Rodgers right to have a go
transformed him as a player, looking every inch the first-team member making the step down in the match against PSG, rather than a raw youngster.
“I feel like I’ve got that firstteam sharpness t hrough training with them every day,” he said. “I’m becoming a better player, and I think I showed that against PSG.
“I’m better at pressing and my level of fitness has improved, allowing me to get touch-tight to people. In the later stages of the game, I’m able to make that run and help the team.
“The full team are a great bunch of lads. They don’t make you feel out of place. Even the manager takes you aside and talks to you and makes you feel comfortable.
“When I come down to the 20s now I feel like the experienced one, and I feel like I can help them out. I can talk to them and show them how easy it can be if you put the work in. It just naturally comes to your game.”
As a winger turned full-back, Miller says that Kieran Tierney, who made the same transition in his early career, is having a big influence on his game.
“It was December last year I got put in against Man City because we never had a leftback, and the gaffer like me there,” said Miller. “Before I knew it I was making my debut there against Partick Thistle.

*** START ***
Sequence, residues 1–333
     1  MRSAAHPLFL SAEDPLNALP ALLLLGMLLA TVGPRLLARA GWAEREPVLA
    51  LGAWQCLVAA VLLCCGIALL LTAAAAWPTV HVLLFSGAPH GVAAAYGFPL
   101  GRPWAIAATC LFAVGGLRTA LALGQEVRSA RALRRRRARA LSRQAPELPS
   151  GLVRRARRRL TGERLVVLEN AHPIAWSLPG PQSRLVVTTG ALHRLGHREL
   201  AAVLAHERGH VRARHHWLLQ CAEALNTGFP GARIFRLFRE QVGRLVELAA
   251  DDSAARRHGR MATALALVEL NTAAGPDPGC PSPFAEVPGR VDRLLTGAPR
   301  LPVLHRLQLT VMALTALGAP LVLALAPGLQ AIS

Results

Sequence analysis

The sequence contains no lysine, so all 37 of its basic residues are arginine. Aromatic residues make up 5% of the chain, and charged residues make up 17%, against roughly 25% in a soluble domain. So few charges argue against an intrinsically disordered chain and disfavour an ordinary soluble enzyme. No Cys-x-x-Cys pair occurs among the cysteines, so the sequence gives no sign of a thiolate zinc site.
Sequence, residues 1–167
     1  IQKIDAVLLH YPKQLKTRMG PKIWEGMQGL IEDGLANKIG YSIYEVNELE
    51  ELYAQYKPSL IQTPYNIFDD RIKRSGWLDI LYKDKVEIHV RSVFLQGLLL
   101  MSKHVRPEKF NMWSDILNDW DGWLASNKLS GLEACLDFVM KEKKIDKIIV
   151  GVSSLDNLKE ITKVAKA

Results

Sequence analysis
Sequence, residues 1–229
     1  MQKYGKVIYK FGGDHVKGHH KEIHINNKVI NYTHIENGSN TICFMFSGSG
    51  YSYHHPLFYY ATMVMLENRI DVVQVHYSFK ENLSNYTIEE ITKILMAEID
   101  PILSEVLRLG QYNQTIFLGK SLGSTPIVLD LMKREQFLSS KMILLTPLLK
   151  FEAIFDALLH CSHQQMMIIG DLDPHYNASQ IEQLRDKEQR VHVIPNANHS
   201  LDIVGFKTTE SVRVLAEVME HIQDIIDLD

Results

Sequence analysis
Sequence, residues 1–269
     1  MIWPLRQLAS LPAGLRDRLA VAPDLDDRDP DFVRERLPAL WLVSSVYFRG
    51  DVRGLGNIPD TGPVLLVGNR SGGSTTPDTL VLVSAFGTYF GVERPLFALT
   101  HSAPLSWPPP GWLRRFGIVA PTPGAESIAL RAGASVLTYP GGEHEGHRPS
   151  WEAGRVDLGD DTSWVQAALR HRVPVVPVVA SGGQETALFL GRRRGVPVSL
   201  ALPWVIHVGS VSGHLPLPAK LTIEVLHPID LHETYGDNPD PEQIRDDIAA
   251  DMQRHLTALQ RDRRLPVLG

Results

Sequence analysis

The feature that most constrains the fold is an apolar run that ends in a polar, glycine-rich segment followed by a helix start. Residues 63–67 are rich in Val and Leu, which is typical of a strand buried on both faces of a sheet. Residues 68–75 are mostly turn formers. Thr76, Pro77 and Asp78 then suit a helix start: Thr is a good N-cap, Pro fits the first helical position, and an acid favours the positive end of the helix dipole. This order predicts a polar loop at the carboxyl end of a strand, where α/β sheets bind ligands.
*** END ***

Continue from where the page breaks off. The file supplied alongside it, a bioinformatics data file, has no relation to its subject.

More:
“When you play with the firstteam you are like a winger anyway because you have so much of the ball, but I’m learning that defensive side and it’s getting better and better.” PAUL HARTLEY has confessed he would have hidden from the headlines if he was still a Celtic player – but he says Hoops boss Brendan Rodgers had every right to have a rare blast at his side after their Champions League nightmare.
Rodgers slated his team for playing “like under-12s” in the first-half of their 5-0 hammering from PSG on Tuesday night.
The result was Celtic’s worst-ever home defeat in Europe and their heaviest loss on home soil since 1895.
Hartley, who played 13 times for Celtic in Europe, said: “He would be angry because when they were in possession of the ball they were poor, and they’re a possession-based team.
“Brendan had every right to criticise his players, even in public.
“I don’t think he’s ever done that, just because of the success they’ve had.”
The former Dundee manager added: “If I’m a Celtic player, I don’t read the press the next day
“I think the players know they let themselves down and Brendan knows they’re better than they showed.”